Third World Viruses
Biovalence is working on finding a cure for Ebola, Zika and Dengue as Third World viruses that potentially impact the wellbeing societies. These viruses often impact the poor and there is currently no first-line treatment available. Most of the available funding goes towards vaccine development as these are probably the cheapest solutions. However, vaccines are for prevention and there are always those who are infected already in any pandemic before a chance of vaccination. This is where a broad spectrum protein like RetroMAD1 comes in. As it does not require refrigeration, it may be stored and transported cheaply in the Third World. The majority of expenditure on drug development has been biased to First World diseases as they can be sold for many times the price a person from the Third World can ever hope to afford. We hope you will consider supporting our research into developing a cure for Third World viruses. We already have promising results for these 3 viruses and if you are keen on making a donation, we would be more than willing to send you more information. All donations earmarked for a particular cause will not be used for any other.
To many of us, our cat or cats is a member of our family. They may not be able to tell us that they are ill but we can observe often through their behaviour that they are unwell. Cats may be infected by a number of different viruses and we are working on developing protein drugs for your pets. For a small biotech company like ours, it is often an uphill struggle as the pathway to getting a drug ready for registration will cost many millions of dollars per indication (which basically is a disease). At present, we’re working on FeLV, FIPV and FPV and will have to perform many costly trials and validation testing in order to develop what is required for regulatory approval. We hope you can set aside some money to donate to the development of a treatment for these feline viruses. Your donation will be used only for drug developmental costs within your specified interest to the extent that donations for cat-related viruses will not be used for dog-related viruses and vice versa.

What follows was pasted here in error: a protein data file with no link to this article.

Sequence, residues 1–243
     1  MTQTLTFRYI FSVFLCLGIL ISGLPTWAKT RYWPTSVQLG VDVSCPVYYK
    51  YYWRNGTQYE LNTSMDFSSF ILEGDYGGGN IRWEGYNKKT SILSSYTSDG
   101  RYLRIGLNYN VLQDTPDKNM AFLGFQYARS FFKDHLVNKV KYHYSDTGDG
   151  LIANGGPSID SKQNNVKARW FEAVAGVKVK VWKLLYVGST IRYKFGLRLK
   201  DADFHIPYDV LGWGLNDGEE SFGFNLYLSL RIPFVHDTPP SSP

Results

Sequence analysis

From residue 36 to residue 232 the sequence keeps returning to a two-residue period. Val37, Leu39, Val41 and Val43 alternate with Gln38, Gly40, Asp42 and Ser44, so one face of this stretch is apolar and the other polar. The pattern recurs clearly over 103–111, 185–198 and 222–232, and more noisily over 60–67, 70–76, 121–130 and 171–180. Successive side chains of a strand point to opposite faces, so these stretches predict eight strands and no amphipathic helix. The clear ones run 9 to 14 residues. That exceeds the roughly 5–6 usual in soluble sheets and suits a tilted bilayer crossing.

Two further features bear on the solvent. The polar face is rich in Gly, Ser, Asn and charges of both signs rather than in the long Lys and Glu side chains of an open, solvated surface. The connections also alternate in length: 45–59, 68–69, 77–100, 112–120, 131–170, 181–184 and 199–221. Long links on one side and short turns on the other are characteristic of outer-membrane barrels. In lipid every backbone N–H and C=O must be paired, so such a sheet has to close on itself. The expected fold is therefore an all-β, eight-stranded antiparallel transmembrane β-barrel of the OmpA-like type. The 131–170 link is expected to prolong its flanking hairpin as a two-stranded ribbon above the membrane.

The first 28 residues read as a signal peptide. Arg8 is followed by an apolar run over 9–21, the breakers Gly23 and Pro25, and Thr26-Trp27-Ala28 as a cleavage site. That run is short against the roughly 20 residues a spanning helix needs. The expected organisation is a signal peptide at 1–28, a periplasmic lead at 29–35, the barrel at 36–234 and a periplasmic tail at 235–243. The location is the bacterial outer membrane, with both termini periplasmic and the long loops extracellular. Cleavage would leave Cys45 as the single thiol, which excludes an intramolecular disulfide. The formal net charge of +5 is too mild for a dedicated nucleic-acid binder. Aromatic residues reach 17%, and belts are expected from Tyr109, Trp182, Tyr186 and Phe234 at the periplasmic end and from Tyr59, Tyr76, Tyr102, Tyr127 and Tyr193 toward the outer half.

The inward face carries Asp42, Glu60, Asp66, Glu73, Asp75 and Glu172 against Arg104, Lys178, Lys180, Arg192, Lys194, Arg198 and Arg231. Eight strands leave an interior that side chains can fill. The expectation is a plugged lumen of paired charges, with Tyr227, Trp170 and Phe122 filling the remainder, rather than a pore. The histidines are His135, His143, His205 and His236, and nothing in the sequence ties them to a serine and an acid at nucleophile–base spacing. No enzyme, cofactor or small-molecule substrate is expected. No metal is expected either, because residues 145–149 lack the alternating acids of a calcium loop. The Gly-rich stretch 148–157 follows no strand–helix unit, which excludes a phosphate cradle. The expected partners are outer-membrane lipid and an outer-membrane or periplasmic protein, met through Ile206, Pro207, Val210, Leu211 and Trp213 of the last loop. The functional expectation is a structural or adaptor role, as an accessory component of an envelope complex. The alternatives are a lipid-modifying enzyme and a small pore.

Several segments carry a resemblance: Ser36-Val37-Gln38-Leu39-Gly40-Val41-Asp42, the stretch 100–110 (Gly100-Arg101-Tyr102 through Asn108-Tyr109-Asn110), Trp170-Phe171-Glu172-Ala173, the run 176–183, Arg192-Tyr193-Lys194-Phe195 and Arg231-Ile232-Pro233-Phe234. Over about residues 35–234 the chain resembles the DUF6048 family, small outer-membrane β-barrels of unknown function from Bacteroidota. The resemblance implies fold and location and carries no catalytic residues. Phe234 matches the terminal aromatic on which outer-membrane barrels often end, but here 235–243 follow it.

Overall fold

Dogs are often thought of as man’s best friends. Their behaviour and temperament is so different from cats that many of us are often either dog-lovers or cat-lovers unless you’re like Ernest Hemingway who was said to have over 90 cats and 16 dogs. We’re mainly working on CPV2 that affects young puppies and present standard of care gives an approximately 50% chance of that puppy pulling through the bouts of diarrhoea that can take its life within a week. With RetroMAD1, we’re shown that we can increase the chances of survival to 80% which is a vast improvement. If you’re a dog-lover and wish to donate towards the development of a treatment for CPV2 and possibly other canine viral diseases in the future, please contribute to our cause. Almost every animal drug was previously developed as a regulated approved human drug first before its use was transferred to animals. We’re doing the opposite by getting it into animal use before human use. This however means many regulatory hurdles that are costly. Also, being a protein drug, it is classified as a biologic and there are many additional costs for us to bear in the developmental stages. As in the other categories, all donations will be used strictly to cover drug developmental costs only.
Eutrophication of water bodies
Ammonia is a major pollutant of water bodies coming from industrial and agricultural run-offs and effluents. It is broken down to nitrites and nitrates by different types of bacteria. However, whether it is in the form of ammonia, nitrites or nitrates, these nitrogen compounds all contribute towards eutrophication or the man-induced enrichment of water bodies with excess nitrogen and/or phosphorus (in the form of phosphates). There has been much emphasis on Global Warming in recent times and rightly so but we should not neglect our water bodies too – the ponds, lakes and rivers as well as coastal estuaries. This is because eutrophication leads to an increase in the incidence of blooms of dinoflagellate algae (usually termed as Red Tide) or in sudden blooms of Blue-Green filamentous algae that when they die release various toxins into the environment that may even end up in our drinking water supply. Biovalence is now working on the selection of special naturally occurring bacteria that can change all these pollutants into harmless nitrogen gas which goes directly into the atmosphere. If you feel you wish to contribute towards helping develop clean technologies towards a cleaner environment, this is a great opportunity. All donations will be used to cover direct developmental costs. In this case, it will go towards necessary equipment and lab consumables.